Lakeland Terrier Puppy Facts




Did you just bring home a new Lakeland Terrier puppy and want to learn more about the breed?

Maybe you are thinking about buying a puppy and want to know if this is the right breed of dog for you and your family?

No matter what your situation may be, you will find the answers to your questions right here!

 

 

Breed History

The breed that we know today as the Lakeland Terrier originated in 1800s in England in the Cumberland county which was a part of the lake district near the Scottish border. It was originally known as the Patterdale Terrier, however it should not be confused with the modern Patterdale. Some other names used for the breed include Westmoreland, Fell, and Cumberland terrier.

While the Lakeland Terrier is one of the older working terriers, like all terriers, it's a relatively young breed. It was originally developed by farmers to accompany them on hunts for fox, badger, otter, and other vermin. It could hunt on land, water and even underground.

It's hard to tell which breeds played a role in the development of the Lakeland Terrier but it's generally accepted that the Bedlington Terrier and the Wire Fox Terrier played a role. Surprisingly, the breed it's often confused with, the Welsh Terrier, most likely was not involved.

The Lakeland was a working-man's dog, used by farmers to hunt and destroy foxes found raiding the sheepfolds. Unlike other breeds used to hunt foxes mainly for sport, in the hunts involving the Lakeland Terrier the sport was almost always secondary to a very practical matter.

While still used for hunting, the breed is very popular on the dog show circuit. It also makes a wonderful pet and companion.

The Lakeland Terrier was recognized by AKC as a distinct breed in 1934.

Physical Characteristics of Lakeland Terrier Puppies

Lakelands are small and sturdy dogs with narrow bodies that allow them to squeeze into rocky dens to chase after vermin. They are often mistaken as "Miniature Airedales".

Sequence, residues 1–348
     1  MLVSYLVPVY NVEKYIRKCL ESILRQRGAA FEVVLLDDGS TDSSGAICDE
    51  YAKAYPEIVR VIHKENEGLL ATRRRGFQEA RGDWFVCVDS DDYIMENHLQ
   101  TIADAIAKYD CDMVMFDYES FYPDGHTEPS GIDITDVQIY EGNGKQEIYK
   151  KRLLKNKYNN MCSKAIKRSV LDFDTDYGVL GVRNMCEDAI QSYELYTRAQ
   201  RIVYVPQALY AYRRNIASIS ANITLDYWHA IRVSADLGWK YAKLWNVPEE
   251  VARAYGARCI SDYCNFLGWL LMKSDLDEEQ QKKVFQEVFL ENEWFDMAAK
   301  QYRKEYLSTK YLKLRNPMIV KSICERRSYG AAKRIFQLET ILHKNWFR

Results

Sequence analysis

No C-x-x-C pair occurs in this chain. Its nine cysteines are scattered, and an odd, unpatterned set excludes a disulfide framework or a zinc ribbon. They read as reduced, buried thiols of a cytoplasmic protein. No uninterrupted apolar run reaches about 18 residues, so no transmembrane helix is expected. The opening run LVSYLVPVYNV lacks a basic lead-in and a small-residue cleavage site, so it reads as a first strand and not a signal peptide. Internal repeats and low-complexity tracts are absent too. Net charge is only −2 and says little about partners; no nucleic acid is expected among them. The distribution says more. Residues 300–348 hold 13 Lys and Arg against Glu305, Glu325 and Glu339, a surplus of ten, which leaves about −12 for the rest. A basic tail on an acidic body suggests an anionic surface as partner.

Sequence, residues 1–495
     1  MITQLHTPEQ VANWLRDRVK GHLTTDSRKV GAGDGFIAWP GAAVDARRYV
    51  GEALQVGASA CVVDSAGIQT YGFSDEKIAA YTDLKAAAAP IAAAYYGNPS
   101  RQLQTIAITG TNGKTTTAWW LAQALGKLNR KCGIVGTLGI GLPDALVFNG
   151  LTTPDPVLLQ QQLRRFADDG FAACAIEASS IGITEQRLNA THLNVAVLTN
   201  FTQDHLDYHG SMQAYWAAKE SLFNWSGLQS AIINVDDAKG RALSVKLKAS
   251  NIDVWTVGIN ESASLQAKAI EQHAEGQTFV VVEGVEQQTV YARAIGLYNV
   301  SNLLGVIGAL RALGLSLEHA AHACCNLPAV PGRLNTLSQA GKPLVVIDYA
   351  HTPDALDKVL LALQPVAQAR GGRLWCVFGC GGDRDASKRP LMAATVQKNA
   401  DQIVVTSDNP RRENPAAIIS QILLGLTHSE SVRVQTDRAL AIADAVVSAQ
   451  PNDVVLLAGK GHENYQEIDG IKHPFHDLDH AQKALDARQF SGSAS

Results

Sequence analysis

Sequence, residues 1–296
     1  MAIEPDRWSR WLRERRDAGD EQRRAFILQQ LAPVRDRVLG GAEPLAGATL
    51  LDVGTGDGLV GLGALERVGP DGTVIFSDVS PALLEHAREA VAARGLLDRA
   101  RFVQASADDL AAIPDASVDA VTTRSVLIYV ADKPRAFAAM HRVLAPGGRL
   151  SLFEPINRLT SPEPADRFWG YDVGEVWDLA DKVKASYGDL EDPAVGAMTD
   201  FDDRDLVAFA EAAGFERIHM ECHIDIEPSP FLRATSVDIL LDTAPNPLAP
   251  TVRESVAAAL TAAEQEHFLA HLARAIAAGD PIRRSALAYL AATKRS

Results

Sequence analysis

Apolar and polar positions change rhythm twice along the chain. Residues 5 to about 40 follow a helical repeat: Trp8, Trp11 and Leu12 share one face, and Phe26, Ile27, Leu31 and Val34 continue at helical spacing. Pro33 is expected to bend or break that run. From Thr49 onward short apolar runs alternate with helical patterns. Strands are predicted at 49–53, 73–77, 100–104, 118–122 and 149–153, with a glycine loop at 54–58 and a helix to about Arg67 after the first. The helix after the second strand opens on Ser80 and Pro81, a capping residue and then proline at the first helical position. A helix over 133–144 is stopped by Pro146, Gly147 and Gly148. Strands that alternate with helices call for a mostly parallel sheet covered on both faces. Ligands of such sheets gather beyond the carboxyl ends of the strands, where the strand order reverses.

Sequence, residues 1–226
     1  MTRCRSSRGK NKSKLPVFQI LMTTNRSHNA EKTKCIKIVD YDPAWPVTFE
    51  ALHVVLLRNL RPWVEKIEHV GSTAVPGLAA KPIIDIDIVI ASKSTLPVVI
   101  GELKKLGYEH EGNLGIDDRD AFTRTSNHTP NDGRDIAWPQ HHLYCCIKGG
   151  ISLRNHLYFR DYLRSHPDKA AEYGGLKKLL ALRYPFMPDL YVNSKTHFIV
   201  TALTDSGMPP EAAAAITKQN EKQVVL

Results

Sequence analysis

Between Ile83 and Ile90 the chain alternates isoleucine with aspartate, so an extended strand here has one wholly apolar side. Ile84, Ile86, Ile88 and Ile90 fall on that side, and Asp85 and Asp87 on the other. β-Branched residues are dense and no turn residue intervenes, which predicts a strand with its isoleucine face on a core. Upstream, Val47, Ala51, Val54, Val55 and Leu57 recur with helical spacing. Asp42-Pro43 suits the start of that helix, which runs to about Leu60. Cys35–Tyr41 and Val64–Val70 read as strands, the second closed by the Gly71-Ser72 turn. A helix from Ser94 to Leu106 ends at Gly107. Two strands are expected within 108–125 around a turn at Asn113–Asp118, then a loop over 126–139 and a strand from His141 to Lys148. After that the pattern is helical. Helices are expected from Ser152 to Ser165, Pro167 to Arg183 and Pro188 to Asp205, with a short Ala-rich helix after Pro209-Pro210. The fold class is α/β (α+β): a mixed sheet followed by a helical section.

The Lakeland Terrier has a rectangular head with straight muzzle, small V-shaped forward folding ears and small oval eyes that come in black, brown or hazel. The nose is usually black but can be liver in liver-colored dogs.

The front legs are strong-boned and straight when viewed from the front. The tail is usually docked and carried erect.

The coat consists of a harsh, wiry outer coat that protects the dog from harsh environment and a soft undercoat that keeps the dog warm. It comes in black, blue, liver, red, or wheaten, with or without saddle markings. The hair is longer on the muzzle and legs.

    Height Weight
  Male 14.5 inches around 17 pounds
  Female 14.5 inches around 17 pounds

Temperament

Lakeland Terriers are alert, cheerful, confident and intelligent. Though they may be reserved with strangers, they are loving and affectionate with their families and get along very well with children. They also get along well with other dogs.

On the negative side, they love to dig and can bark a lot. Their inquisitive nature often leads them into trouble and, sometimes, danger.

While the Lakeland Terrier is an intelligent dog and learns quite easily, because of his independent nature he can be more difficult to train than some other breeds. For best results, make training sessions fun, challenging and offer plenty of variety.